WordPress Pretty Links

I had a heck of a time getting this to work, and this is just as much for my notes as it is for the wider web world’s usage.

To use the pretty links of WordPress, I had to enable mod_rewrite in Apache.  Which was actually already enabled with my default installation.

I was using virtual hosts in the /etc/httpd/conf.d directory, so I made sure that the <Directory> configuration included these lines:

AllowOverride All
Order allow,deny
Allow from all

Also I made sure that that virtual host itself had these options set:

Options Includes MultiViews -Indexes FollowSymLinks SymLinksIfOwnerMatch

But to my deepest chagrin, it still wasn’t working.  After laying my head down on my desk and allowing the tears to flow like a mountain spring, I girded up my loins and looked again.

In Apache’s main config file, /etc/httpd/conf/httpd.conf  I found an AllowOverride  None line!  NO!  I was beat by my own laziness and ignorance again.  I commented out that line, and pretty links suddenly worked.

Learn from my mistakes, Future Dewey/World at Large.  Don’t let it fool you again.

Rolling Out WordPress

WordPress’s Gritty Reboot

Rolling out WordPress was actually the last of the administrative acts I have accomplished on this server, and it was by far the easiest of the implementations.  I feel sheepish even calling it an implementation.  It was almost embarrassingly easy to get it up and running. I downloaded the latest version of WordPress from the WordPress download sections into my /usr/src directory.  This I did with:
cd /usr/src
wget http://wordpress.org/latest.tar.gz
After it completed its download, I untarred it, then copied it in its entirety to my apache document root directory.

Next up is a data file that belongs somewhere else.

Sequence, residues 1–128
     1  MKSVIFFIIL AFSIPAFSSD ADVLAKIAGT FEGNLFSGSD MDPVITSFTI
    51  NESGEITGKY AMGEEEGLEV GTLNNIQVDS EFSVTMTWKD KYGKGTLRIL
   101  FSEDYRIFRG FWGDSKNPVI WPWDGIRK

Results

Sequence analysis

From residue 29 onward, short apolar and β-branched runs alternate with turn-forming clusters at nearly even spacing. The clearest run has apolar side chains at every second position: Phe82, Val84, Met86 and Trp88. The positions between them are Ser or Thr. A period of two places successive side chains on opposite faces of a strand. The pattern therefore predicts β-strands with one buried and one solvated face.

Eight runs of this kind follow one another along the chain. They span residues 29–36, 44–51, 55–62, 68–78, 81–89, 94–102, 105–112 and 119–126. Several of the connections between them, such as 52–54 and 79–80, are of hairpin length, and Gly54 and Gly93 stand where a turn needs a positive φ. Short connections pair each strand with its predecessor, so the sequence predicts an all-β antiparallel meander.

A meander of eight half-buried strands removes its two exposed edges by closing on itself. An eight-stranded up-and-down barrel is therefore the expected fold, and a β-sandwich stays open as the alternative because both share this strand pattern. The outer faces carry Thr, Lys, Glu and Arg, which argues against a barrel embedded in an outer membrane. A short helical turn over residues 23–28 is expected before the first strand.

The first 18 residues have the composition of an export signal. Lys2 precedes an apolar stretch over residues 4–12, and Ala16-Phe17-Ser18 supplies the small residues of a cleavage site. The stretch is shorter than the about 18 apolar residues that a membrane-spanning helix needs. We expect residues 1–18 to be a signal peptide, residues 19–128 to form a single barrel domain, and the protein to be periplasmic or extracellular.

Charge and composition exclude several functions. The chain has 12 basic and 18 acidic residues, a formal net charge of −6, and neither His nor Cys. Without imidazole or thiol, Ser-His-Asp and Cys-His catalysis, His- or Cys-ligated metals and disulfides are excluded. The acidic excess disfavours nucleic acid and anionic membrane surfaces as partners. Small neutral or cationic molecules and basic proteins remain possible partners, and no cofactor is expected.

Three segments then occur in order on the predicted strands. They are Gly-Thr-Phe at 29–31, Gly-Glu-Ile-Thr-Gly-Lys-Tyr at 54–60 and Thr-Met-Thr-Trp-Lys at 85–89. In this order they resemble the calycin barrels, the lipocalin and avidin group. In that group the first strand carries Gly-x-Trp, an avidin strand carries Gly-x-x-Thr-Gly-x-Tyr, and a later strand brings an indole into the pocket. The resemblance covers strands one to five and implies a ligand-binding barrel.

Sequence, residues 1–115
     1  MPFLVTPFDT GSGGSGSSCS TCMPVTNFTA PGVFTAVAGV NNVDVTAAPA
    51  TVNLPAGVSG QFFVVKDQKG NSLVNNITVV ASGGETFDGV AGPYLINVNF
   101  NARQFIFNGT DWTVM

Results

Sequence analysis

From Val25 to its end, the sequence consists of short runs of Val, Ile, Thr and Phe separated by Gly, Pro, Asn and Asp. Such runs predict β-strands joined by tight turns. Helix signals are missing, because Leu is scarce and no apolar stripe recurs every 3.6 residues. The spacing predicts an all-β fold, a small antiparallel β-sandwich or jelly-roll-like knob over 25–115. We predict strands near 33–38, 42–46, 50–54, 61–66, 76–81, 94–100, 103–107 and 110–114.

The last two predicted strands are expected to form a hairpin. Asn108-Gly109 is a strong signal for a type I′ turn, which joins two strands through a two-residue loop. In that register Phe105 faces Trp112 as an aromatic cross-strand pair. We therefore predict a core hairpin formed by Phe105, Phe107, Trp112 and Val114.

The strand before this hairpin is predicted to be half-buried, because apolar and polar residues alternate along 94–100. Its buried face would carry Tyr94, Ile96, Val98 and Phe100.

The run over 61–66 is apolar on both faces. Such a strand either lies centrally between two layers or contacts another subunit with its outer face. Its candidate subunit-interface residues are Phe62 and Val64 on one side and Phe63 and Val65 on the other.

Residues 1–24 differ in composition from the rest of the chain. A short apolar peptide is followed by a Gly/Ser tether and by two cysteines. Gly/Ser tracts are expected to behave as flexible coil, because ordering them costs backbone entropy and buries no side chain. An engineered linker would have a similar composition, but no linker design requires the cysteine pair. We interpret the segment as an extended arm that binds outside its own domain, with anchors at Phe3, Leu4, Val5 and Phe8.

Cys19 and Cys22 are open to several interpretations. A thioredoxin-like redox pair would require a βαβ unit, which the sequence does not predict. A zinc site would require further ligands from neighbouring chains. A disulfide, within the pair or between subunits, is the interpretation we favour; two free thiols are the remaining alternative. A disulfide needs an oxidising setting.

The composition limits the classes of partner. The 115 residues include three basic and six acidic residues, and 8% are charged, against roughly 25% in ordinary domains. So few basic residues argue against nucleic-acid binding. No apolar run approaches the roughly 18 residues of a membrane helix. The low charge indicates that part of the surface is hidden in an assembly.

tar xvf latest.tar.gz
cp -r wordpress /my/apache/documentroot/
Then, I gave apache ownership of the whole directory with:
chown -R apache: /my/apache/documentroot/wordpress
Then opening up a web browser to the WordPress index I followed the install methods.
But wait, a snag!  Mysqld wasn’t working!  WordPress alerted me to the fact that my PHP installation didn’t have the proper Mysql integration!  Oh no!  All is lost, and life is meaningless!
Except, all that was required, as I already had PHP installed was to make sure that the php-mysql package was installed.  The CentOS community repos make this available as a yum install.  So I went ahead an did that with:
yum install php-mysql
After getting php-mysql installed, WordPress held my hand the rest of the way, and it was up and running within seconds.  It was remarkable.  Bless open source web development and the heroes that keep it moving forward.  Bless them one and all.

Mission Statement

I’ve seldom blogged about anything on a regular basis with any kind of regularity or otherwise.  This is in large measure just an exercise in web administration.  My writing skills and ability to ENTICE and EXCITE are both rancidly rotten and ignored to the point of being rusted to complete impotent dullness.
However, I enjoy attempting new administration and the rolling out of PHP stuff.  It’s absurd how easy it gets after a little while.  PHP and Mysql combined has made things remarkably modular in website administration, and yet rolling out a wordpress or a wiki is always exciting to me, and somehow still gives me a sense of accomplishment, regardless of how easy the developers have made it..  I can always count on the chance of something going slightly wrong, and somehow making me feel intelligent for getting around it.  Even though it is usually as something as silly as a service not running on the webserver.
I’m going to document each of my attempts for web administration, and to the best of my ability enumerate my mistakes in the hopes it will help you avoid the same pitfalls.

Second Time Around

This is another go around for doing site administration.

I’m doing this via a virtual server, so we’ll see how well it translates.

It’s definitely exciting, and I feel like it should work out well, VirtualBox allows for snapshots and backing up as easy as setting a Belvedere timed copy command.